Conv. Plasma
Nigella Sativa
Nitric Oxide
Peg.. Lambda

Home   COVID-19 treatment studies for Vitamin A  COVID-19 treatment studies for Vitamin A  C19 studies: Vitamin A  Vitamin A   Select treatmentSelect treatmentTreatmentsTreatments
Alkalinization Meta Lactoferrin Meta
Melatonin Meta
Bromhexine Meta Metformin Meta
Budesonide Meta Molnupiravir Meta
Cannabidiol Meta
Colchicine Meta Nigella Sativa Meta
Conv. Plasma Meta Nitazoxanide Meta
Curcumin Meta Nitric Oxide Meta
Ensovibep Meta Paxlovid Meta
Famotidine Meta Peg.. Lambda Meta
Favipiravir Meta Povidone-Iod.. Meta
Fluvoxamine Meta Quercetin Meta
Hydroxychlor.. Meta Remdesivir Meta
Iota-carragee.. Meta
Ivermectin Meta Zinc Meta

Other Treatments Global Adoption
All Studies   Meta Analysis   Recent:  
Deficiency of antioxidants and increased oxidative stress in COVID-19 patients: A cross-sectional comparative study in Jigawa, Northwestern Nigeria
Muhammad et al., SAGE Open Medicine, doi:10.1177/2050312121991246
Muhammad et al., Deficiency of antioxidants and increased oxidative stress in COVID-19 patients: A cross-sectional comparative.., SAGE Open Medicine, doi:10.1177/2050312121991246
Feb 2021   Source   PDF  
  All Studies   Meta
Case control study with 50 symptomatic COVID-19 patients and 21 healthy controls in Nigeria, showing that COVID-19 patients had significantly lower levels of selenium and zinc, and vitamins A, C, and E. Control patients were younger than COVID-19 patients. The p value for zinc in Table 2 appears to be a typo.
Muhammad et al., 1 Feb 2021, Nigeria, peer-reviewed, 8 authors.
All Studies   Meta Analysis   Submit Updates or Corrections
This PaperVitamin AAll
Abstract: 991246 research-article2021 SMO0010.1177/2050312121991246SAGE Open MedicineMuhammad et al. SAGE Open Medicine Original Research Article Deficiency of antioxidants and increased oxidative stress in COVID-19 patients: A cross-sectional comparative study in Jigawa, Northwestern Nigeria SAGE Open Medicine Volume 9: 1­–8 © The Author(s) 2021 Article reuse guidelines: DOI: 10.1177/2050312121991246 Yahaya Muhammad1 , Yamuna Aminu Kani2, Sani Iliya3 , Jafaru Bunza Muhammad4, Abubakar Binji5, Abdurrahman El-Fulaty Ahmad6 , Muhd Bashir Kabir7, Kabir Umar Bindawa6 and Armaya’u Yelwa Ahmed8 Abstract Introduction: The COVID-19 is a pandemic caused by SARS-CoV-2 which has infected over 74 million people, killing more than 1,600,000 million people around the world as of 17th December 2020. Accumulation of free radicals coupled by weakened antioxidant system leads to oxidative stress, which will further worsen respiratory diseases, COVID-19 inclusive. This study aimed to examine the levels of some antioxidants and oxidative stress markers in COVID-19 patients. Methods: This was a cross-sectional comparative study in which 50 COVID-19 symptomatic patients who were on admission at the COVID-19 isolation center in Jigawa, Northwestern Nigeria, were recruited. Twenty one (21) apparently healthy individuals were included as controls. Levels of antioxidant trace elements (Se, Zn, Mg, Cu and Cr), 8-isoprostaglandin F2 alpha and malondialdehyde in the plasma and erythrocytes activity of glutathione, glutathione peroxidase, superoxide dismutase and catalase were determined. Results: The plasma concentrations of vitamins A, C and E were significantly lower (p < 0.001) in COVID-19 patients than controls. Activities of glutathione, glutathione peroxidase, catalase and superoxide dismutase were lower in COVID-19 subjects than controls (p < 0.001). The concentrations of Se, Zn, Mg and Cu were significantly lower (p < 0.001; p = 0.039; p < 0.001; and p < 0.001), respectively, in COVID-19 patients than controls, while chromium showed no significant difference (p = 0.605). Oxidative stress marker, 8-isoprostaglandin F2 alpha, was significantly higher (p = 0.049), while malondialdehyde was lower (p < 0.001) in COVID-19 patients than controls. Conclusion: In conclusion, COVID-19 patients are prone to depleted levels of antioxidant substances due to their increase utilization in counterbalancing the negative effect of free radicals. Furthermore, COVID-19 infection with other comorbidities, such as malaria, hypertension and diabetes, are at higher risk of developing oxidative stress. Keywords COVID-19, antioxidants, free radicals, vitamin A, Nigeria Date received: 17 October 2020; accepted: 6 January 2021 1  epartment of Chemical Pathology, Rasheed Shekoni Teaching Hospital D Dutse, Dutse, Nigeria 2 College of Medicine and Health Sciences, Federal University Dutse, Dutse, Nigeria 3 Department of Biological Sciences, School of Pure and Applied Sciences, Mount Kenya University, Thika, Kenya 4 Department of Chemical Pathology, School of Medical Laboratory Sciences, Usmanu Danfodiyo University, Sokoto, Nigeria 5 Health Without Gaps (HWG) Foundation, Hopkins, MN, USA 6 Department of Medical Laboratory Science, Ahmadu Bello University Zaria, Zaria, Nigeria 7 Department of Biotechnology, Federal University Dutse, Jigawa, Nigeria Department of Chemical..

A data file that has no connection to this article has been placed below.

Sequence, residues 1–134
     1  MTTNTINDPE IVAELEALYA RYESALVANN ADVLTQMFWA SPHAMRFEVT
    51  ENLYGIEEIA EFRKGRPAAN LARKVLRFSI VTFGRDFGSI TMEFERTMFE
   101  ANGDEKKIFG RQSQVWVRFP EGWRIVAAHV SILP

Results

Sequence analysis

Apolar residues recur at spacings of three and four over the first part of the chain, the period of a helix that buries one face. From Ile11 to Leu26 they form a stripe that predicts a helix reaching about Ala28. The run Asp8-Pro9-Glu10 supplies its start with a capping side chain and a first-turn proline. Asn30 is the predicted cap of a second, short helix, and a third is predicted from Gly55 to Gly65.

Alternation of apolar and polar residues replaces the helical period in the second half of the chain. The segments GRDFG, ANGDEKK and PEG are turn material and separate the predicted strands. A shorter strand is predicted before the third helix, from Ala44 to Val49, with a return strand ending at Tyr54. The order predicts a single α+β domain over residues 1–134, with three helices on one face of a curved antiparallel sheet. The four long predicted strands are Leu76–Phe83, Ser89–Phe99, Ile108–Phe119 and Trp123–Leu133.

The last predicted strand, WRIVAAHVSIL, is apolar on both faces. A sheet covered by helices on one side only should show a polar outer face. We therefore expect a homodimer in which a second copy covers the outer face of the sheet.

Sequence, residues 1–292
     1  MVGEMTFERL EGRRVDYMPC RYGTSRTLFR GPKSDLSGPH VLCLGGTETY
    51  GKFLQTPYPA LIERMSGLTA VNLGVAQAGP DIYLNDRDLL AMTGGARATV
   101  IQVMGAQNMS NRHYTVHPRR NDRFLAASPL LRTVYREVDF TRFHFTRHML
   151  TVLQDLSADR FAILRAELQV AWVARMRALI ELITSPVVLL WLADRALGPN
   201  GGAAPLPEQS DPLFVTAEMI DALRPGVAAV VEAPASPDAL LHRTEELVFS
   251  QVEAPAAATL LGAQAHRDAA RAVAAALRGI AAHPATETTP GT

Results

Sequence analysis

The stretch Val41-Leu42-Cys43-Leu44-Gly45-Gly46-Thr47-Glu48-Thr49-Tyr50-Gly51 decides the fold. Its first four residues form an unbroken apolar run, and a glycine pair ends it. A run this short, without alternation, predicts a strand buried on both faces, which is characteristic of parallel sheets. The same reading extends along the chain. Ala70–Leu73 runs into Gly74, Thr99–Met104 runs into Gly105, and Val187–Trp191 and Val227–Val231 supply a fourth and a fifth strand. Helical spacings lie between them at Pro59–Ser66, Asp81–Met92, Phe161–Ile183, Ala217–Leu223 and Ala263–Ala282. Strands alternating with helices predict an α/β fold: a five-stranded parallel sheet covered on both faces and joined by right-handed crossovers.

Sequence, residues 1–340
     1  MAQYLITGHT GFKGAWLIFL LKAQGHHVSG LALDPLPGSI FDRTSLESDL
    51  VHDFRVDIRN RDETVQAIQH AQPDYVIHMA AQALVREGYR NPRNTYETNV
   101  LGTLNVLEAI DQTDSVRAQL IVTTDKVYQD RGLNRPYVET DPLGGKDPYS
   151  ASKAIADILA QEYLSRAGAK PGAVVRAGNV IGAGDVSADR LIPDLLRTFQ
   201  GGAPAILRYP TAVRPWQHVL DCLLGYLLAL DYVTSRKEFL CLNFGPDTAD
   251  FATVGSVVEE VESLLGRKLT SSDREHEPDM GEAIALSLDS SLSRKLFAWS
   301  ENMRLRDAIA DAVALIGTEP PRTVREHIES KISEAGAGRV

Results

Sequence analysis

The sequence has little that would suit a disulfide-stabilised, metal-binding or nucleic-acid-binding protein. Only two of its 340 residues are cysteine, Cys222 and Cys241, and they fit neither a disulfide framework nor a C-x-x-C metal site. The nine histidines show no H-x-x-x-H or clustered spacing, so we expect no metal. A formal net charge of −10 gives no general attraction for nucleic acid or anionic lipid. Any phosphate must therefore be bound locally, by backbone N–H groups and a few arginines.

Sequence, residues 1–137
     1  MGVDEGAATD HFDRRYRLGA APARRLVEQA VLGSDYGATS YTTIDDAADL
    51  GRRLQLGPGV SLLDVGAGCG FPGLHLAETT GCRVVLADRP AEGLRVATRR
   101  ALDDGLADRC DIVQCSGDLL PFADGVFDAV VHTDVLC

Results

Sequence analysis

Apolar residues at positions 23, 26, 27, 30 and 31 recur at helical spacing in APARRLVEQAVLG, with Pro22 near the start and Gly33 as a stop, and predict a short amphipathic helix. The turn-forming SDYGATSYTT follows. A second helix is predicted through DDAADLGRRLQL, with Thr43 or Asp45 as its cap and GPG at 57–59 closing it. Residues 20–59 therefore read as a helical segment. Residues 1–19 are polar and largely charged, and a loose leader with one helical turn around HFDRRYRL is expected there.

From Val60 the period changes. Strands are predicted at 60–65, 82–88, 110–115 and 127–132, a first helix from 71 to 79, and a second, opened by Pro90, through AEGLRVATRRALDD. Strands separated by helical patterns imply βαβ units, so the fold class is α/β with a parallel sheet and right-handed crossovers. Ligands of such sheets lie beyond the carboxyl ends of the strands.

Please send us corrections, updates, or comments. Vaccines and treatments are complementary. All practical, effective, and safe means should be used based on risk/benefit analysis. No treatment, vaccine, or intervention is 100% available and effective for all current and future variants. We do not provide medical advice. Before taking any medication, consult a qualified physician who can provide personalized advice and details of risks and benefits based on your medical history and situation. FLCCC and WCH provide treatment protocols.
  or use drag and drop